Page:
Billy Frederick Allen, Petitioner-appellant, v. James A. Collins, Director, Texas Dept. of Criminal Justice,institutional Division, Respondent-appellee, 924 F.2d 88 (5th Cir. 1991)Annotate this Case
Feb. 19, 1991
Billy Frederick Allen, Huntsville, Tex., pro se.
Appeal from the United States District Court for the Northern District of Texas.
Before REAVLEY, JONES and SMITH, Circuit Judges.
REAVLEY, Circuit Judge:
In 1974, appellant Billy Frederick Allen was convicted of methamphetamine possession and sentenced to two years imprisonment. After completing his possession sentence, Allen was convicted of two murders in 1983. Pursuant to Texas' habitual offender statute, the court used Allen's 1974 conviction to enhance his 1983 sentence.
Allen now asserts a habeas corpus challenge to his 1983 conviction. He alleges that he was denied the right to appeal his 1974 conviction due to ineffective assistance of counsel, and this constitutional defect in his 1974 conviction infected his 1983 conviction.
The district court held that only where a conviction used for sentence enhancement is "void, and not merely voidable" will the court entertain a habeas challenge to a conviction for which the sentence has been completed. Finding Allen's challenge to his 1974 conviction "one which would make the conviction merely voidable," the court dismissed Allen's habeas petition.
We find no basis for the district court's distinction between void and voidable convictions. We have recognized a habeas petitioner's right to challenge a prior conviction for which sentence had been completed when that conviction is used to enhance a subsequent sentence. Young v. Lynaugh, 821 F.2d 1133, 1136-37 (5th Cir.), cert. denied, 484 U.S. 986, 108 S. Ct. 503, 98 L. Ed. 2d 501 (1987), and cert. denied, 484 U.S. 1071, 108 S. Ct. 1040, 98 L. Ed. 2d 1004 (1988). We made no distinction between void and voidable convictions in Young. In fact, we permitted Young to challenge his prior conviction on the same ground alleged here by Allen: ineffective assistance of counsel. Id. at 1142.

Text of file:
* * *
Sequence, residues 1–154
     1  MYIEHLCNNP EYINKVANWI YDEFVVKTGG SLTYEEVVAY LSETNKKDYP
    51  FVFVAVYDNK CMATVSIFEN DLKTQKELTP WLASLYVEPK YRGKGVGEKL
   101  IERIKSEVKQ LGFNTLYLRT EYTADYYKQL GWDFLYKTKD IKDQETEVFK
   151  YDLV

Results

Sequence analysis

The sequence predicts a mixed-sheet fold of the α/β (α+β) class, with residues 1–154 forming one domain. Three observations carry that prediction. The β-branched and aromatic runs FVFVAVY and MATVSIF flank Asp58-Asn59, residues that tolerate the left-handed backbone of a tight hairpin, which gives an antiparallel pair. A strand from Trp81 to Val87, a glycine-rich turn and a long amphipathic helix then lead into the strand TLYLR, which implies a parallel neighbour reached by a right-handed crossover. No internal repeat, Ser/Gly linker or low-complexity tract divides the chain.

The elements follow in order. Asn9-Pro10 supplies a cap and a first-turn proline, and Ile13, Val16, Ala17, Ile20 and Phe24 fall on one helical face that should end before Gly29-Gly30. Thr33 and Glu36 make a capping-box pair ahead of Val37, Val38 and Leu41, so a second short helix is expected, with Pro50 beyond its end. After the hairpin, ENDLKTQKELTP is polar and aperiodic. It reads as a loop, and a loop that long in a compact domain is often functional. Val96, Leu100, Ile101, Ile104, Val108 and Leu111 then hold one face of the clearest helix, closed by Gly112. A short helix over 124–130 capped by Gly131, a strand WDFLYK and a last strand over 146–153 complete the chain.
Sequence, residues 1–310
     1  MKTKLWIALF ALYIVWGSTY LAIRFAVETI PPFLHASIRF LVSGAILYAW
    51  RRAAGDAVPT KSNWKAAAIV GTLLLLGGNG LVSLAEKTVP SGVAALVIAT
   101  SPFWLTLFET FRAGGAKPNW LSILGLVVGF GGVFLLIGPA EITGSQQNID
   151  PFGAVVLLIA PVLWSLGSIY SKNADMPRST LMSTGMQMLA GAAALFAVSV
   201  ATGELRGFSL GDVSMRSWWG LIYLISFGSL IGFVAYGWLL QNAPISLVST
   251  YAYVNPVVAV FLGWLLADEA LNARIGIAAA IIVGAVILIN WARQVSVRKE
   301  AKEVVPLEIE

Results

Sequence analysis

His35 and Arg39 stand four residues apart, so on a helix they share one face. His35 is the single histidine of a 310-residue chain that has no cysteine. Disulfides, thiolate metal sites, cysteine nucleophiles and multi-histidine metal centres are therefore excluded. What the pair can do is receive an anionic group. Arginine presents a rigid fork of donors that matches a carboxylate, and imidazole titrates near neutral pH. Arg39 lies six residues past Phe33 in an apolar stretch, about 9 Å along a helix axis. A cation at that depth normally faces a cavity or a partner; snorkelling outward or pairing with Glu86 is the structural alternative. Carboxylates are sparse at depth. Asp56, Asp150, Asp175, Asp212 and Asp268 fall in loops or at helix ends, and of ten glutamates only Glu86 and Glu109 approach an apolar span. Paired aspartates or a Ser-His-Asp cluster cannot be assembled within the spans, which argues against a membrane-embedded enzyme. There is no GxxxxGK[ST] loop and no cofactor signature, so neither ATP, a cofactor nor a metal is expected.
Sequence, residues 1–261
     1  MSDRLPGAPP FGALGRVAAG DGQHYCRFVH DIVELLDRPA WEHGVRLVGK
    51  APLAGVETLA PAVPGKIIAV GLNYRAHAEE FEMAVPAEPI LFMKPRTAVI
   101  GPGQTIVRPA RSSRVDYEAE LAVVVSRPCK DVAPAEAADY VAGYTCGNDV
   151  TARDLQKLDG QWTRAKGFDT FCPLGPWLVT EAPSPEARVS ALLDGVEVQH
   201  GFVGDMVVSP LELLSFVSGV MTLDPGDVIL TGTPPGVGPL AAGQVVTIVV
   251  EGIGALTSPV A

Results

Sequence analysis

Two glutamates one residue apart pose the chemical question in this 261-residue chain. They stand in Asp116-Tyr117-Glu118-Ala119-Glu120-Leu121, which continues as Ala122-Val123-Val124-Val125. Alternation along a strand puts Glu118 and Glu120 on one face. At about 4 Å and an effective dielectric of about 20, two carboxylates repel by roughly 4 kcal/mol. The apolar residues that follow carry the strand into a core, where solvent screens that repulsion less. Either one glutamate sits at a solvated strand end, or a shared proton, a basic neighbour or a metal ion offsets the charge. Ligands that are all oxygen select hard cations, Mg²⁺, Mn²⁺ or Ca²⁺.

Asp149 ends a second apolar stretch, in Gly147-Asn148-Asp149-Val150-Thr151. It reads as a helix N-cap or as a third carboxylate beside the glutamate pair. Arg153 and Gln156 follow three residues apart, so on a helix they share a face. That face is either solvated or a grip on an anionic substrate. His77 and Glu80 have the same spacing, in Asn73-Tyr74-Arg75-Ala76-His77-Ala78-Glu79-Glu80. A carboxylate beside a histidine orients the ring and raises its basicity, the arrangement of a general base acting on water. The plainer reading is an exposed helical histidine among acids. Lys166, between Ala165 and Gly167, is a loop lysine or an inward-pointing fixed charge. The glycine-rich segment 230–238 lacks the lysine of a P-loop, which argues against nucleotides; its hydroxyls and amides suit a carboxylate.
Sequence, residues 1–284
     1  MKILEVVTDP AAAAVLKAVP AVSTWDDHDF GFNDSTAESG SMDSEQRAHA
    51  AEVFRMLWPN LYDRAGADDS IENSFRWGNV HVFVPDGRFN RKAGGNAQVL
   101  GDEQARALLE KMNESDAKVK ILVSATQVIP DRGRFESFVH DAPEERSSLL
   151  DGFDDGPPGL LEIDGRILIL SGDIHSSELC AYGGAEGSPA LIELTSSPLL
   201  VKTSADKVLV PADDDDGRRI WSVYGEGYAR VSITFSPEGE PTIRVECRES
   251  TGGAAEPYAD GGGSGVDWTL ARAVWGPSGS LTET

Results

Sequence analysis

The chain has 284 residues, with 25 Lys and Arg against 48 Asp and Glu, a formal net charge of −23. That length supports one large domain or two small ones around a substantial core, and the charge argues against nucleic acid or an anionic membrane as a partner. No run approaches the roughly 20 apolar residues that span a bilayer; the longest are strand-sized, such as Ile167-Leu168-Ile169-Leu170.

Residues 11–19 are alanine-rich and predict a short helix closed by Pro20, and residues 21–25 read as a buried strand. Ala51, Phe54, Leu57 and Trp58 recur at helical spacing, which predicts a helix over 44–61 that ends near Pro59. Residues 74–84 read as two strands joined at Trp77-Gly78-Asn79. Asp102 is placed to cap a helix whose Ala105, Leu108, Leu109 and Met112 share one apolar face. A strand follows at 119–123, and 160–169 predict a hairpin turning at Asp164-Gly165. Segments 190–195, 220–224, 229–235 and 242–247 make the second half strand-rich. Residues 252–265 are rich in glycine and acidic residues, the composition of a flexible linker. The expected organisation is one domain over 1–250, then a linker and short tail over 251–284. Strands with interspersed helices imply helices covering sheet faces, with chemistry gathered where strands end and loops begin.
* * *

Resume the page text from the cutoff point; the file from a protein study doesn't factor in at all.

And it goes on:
Our Young holding is unaffected by Maleng v. Cook, 490 U.S. 488, 109 S. Ct. 1923, 1927, 104 L. Ed. 2d 540 (1989), wherein the Court "express [ed] no view on the extent to which [a prior] conviction itself may be subject to challenge in [an] attack upon [current] sentences which it was used to enhance."1 Other circuits that have considered the question read Maleng as permitting the type of habeas challenge that Allen now presents, and none distinguishes between void and voidable convictions. See Gamble v. Parsons, 898 F.2d 117, 118 (10th Cir.) (surveying authority), cert. denied, --- U.S. ----, 111 S. Ct. 212, 112 L. Ed. 2d 172 (1990).
We hold only that the district court's dismissal of Allen's habeas petition on the basis of voidability is reversible error. Nothing in this opinion is to be construed as limiting the State's ability on remand to move for dismissal of Allen's petition on the ground that the State "has been prejudiced in its ability to respond to the petition by delay in its filing." Rule 9(a) of the Rules Governing Sec. 2254 Cases in the United States District Courts.
We REVERSE the district court's dismissal of Allen's petition and REMAND for further proceedings consistent with this opinion.
Cf. Hendrix v. Lynaugh, 888 F.2d 336, 337-38 (5th Cir. 1989) (disallowing collateral attack on prior conviction when not used to enhance current sentence; " [e]nhancement is a collateral consequence insufficient to render the petitioner 'in custody' under the previous conviction ") (emphasis added)